Raindrops spread circles on the still surface of the water. The nameless bay was a motionless stretch of sea between the coast and the low islet where, so the woman had said, the Toad dwelt.
“My daughter in exchange for a good haul,” the blind woman had said. “Like in the old days, she was brought to the Altar early this morning, there to wait for the night, and for the Toad. Once a year this happens, and it was my daughter they took.”
Aculeo heaved on the oars. A dark woolen cloak on his shoulders, the hood protecting his short hair from the drizzle, he looked miserable like a wet cat.
“I don't like this thing one bit, mind you,” he said.
Amunet sighed. “You heard the poor woman.”
Her own fine silk mantle was of midnight blue, closed at the shoulder with a golden brooch. She was stretched on the bench at the back of the boat, one elbow propped up on the broadside.
“She should have called on the local proconsul,” he said. “These villages, they are stipendiarii, they have rights under Imperial law. Call in the Legion and be done, I say.”
The Aegyptian sighed. “Yes, you said it. Repeatedly. And you saw the woman's reaction.” She shook her head. Then with a beringed finger she pushed a strand of black hair back under the hood. “We are in the sticks, in case you didn't notice. These yokels don't trust authority. They’d sooner bow to their strange god that call on the Empire.”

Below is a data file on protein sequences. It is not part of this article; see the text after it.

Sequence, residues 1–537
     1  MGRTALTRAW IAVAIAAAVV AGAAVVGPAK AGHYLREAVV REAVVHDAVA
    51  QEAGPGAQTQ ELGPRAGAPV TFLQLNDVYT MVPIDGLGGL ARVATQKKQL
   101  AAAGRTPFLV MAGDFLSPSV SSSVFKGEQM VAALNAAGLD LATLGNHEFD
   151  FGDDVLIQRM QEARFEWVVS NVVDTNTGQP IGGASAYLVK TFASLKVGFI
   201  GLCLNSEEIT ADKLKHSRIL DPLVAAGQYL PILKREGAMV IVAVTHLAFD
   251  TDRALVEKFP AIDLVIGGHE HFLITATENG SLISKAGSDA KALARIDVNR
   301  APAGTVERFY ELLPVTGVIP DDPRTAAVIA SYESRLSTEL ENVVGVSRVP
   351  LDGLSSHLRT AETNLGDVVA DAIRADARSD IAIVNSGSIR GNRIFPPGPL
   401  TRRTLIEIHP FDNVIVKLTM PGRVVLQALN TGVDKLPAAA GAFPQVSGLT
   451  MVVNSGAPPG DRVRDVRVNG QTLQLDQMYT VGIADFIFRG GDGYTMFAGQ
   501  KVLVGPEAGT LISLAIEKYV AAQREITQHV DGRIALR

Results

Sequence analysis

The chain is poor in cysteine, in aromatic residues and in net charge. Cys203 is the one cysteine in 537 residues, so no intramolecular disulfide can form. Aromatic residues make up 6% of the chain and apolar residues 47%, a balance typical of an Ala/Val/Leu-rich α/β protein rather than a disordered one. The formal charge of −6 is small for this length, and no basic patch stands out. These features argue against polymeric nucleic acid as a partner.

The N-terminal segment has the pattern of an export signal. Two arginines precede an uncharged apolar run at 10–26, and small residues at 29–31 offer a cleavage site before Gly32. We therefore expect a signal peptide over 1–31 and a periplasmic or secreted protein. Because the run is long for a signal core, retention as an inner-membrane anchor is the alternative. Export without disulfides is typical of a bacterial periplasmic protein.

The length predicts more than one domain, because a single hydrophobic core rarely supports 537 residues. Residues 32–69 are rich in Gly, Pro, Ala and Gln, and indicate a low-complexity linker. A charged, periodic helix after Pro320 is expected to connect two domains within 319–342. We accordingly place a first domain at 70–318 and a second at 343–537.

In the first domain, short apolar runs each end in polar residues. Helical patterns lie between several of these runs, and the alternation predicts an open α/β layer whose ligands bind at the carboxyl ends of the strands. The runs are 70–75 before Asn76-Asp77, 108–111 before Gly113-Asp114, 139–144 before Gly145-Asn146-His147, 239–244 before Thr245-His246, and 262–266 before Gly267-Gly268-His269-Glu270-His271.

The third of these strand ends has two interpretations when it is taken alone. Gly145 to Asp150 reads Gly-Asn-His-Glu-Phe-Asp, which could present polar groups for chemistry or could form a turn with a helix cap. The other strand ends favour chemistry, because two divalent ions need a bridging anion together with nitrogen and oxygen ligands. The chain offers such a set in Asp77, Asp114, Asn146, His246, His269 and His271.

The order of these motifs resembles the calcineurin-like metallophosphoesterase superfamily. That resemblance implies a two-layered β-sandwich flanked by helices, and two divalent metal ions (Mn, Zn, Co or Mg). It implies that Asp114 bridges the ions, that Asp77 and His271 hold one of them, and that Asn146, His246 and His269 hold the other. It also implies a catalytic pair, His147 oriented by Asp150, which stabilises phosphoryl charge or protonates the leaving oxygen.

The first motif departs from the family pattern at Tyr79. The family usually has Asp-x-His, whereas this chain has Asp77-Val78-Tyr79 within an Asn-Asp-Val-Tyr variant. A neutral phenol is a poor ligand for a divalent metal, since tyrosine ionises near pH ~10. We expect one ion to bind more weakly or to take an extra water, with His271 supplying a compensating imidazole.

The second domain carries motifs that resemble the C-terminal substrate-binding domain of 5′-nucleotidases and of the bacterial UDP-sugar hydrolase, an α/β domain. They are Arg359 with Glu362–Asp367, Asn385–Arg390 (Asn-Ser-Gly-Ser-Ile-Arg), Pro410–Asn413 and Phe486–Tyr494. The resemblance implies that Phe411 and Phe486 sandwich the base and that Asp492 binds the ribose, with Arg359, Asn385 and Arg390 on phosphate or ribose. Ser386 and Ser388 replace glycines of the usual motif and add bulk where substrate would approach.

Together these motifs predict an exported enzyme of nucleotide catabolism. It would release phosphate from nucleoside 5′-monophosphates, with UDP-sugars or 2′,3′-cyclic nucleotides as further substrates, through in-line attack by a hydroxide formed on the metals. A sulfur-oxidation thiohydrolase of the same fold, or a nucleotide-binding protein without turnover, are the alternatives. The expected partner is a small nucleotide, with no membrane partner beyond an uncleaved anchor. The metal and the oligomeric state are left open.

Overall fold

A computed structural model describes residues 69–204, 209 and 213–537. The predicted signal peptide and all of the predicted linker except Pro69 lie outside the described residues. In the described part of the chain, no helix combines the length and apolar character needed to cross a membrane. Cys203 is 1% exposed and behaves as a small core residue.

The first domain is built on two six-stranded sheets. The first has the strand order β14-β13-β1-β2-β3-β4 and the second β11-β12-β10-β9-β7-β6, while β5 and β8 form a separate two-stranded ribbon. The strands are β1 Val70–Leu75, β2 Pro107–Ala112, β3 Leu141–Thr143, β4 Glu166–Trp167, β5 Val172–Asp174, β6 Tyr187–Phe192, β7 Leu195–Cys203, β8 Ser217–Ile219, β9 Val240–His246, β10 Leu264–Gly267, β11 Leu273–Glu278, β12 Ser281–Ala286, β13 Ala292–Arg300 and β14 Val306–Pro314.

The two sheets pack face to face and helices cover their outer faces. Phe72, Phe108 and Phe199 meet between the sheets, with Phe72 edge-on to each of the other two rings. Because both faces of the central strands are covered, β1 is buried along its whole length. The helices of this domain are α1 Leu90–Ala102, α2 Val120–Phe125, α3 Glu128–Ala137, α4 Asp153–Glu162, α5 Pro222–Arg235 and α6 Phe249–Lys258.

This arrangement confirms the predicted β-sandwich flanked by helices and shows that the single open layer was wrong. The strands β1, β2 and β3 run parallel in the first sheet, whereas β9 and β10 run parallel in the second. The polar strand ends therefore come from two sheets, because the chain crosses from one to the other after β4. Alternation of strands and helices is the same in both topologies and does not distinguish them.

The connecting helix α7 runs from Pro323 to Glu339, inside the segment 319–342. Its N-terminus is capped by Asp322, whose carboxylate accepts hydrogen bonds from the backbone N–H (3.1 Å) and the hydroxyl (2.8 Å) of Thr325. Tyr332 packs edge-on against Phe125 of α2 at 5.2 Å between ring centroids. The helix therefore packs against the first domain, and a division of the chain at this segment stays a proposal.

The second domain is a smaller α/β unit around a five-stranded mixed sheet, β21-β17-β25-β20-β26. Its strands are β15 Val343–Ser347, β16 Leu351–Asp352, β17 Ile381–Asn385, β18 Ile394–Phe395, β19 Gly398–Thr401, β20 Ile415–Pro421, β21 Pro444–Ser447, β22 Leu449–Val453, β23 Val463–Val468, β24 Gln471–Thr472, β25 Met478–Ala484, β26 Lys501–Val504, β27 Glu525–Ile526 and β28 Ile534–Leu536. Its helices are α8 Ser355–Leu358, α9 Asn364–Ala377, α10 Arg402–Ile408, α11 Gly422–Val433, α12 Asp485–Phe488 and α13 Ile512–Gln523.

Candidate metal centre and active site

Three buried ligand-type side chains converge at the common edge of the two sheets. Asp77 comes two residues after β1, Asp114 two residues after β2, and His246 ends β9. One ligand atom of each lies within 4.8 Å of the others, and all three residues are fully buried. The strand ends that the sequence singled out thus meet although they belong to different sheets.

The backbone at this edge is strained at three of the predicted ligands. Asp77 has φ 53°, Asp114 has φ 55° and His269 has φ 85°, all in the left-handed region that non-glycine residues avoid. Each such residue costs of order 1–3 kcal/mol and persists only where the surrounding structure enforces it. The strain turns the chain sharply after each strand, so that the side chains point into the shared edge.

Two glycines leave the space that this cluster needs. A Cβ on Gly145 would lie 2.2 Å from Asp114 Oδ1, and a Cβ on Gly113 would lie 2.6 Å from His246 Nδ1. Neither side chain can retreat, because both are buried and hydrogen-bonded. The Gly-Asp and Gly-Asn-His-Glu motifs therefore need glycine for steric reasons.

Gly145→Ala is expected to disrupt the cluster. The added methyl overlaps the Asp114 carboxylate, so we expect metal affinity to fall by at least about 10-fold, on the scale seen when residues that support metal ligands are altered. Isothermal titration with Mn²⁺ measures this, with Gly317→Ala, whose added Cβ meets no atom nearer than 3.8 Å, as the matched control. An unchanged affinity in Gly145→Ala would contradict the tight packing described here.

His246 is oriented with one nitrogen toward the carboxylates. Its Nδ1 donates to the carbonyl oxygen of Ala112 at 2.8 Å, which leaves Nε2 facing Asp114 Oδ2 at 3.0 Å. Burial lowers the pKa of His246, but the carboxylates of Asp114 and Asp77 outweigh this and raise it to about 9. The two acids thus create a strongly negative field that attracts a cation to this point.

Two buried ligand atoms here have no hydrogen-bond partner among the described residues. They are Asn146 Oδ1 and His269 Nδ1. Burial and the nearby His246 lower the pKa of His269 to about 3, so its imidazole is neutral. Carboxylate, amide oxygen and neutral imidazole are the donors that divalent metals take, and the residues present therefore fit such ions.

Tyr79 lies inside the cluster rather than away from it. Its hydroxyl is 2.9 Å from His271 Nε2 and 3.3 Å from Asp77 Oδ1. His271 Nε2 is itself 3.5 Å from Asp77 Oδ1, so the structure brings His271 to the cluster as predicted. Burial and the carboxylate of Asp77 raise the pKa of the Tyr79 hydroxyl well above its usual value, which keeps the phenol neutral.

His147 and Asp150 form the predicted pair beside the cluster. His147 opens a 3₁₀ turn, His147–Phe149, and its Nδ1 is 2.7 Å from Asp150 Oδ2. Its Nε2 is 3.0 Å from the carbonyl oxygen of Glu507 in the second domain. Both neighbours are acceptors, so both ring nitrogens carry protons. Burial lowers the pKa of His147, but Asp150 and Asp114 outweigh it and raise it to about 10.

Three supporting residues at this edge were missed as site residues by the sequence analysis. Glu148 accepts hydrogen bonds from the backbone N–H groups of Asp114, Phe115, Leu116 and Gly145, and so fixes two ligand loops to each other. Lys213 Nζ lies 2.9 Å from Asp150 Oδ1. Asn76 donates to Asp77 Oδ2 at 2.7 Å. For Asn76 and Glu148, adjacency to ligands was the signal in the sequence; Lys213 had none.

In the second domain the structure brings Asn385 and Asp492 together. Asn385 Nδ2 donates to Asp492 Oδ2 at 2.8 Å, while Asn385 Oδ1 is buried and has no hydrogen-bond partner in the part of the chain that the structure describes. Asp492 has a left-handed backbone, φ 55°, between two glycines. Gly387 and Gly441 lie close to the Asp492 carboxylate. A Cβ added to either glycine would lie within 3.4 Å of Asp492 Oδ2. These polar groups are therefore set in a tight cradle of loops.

Aculeo chuckled. “And I do not trust these, as you call them, yokels. This is the Colchis, where they breed witches. A guy called Ovid said that.”
Amunet curled her lips in a smirk. “For all your proud civilization, you Romans are a superstitious breed yourselves. Colchis breeds witches, Britannia is home to the worms of the earth, Aegypt is a land of sorcerers...”
The Roman grinned. “It was not me they were about to sacrifice on a dead god's altar,” he said.
She sniffed, ignoring his barb. “The poor woman's daughter's been left in the middle of nowhere as fodder for some local pet god,” she straightened her shoulders. “We can't let such things happen.”
Aculeo laughed. “Pull the other one, wench. We have no obligation at all to these bumpkins.”
“What about your famous Roman pietas, you stupid ox?” she asked. “Are women worthless, then, to be stranded on lonesome rocks and fed to strange beasts?”